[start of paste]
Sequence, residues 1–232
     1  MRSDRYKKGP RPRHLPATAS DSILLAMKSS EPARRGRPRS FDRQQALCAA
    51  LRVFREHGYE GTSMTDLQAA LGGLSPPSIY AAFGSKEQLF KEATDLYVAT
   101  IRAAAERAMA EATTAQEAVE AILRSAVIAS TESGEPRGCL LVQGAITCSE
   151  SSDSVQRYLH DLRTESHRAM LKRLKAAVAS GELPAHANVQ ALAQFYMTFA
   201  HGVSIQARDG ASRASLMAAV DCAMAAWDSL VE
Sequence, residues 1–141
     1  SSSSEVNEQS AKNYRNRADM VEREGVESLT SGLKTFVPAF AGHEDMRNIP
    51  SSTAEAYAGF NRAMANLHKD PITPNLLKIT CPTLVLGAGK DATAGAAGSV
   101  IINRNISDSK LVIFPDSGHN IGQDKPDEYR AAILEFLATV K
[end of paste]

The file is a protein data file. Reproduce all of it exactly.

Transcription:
Sequence, residues 1–232
     1  MRSDRYKKGP RPRHLPATAS DSILLAMKSS EPARRGRPRS FDRQQALCAA
    51  LRVFREHGYE GTSMTDLQAA LGGLSPPSIY AAFGSKEQLF KEATDLYVAT
   101  IRAAAERAMA EATTAQEAVE AILRSAVIAS TESGEPRGCL LVQGAITCSE
   151  SSDSVQRYLH DLRTESHRAM LKRLKAAVAS GELPAHANVQ ALAQFYMTFA
   201  HGVSIQARDG ASRASLMAAV DCAMAAWDSL VE
Sequence, residues 1–141
     1  SSSSEVNEQS AKNYRNRADM VEREGVESLT SGLKTFVPAF AGHEDMRNIP
    51  SSTAEAYAGF NRAMANLHKD PITPNLLKIT CPTLVLGAGK DATAGAAGSV
   101  IINRNISDSK LVIFPDSGHN IGQDKPDEYR AAILEFLATV K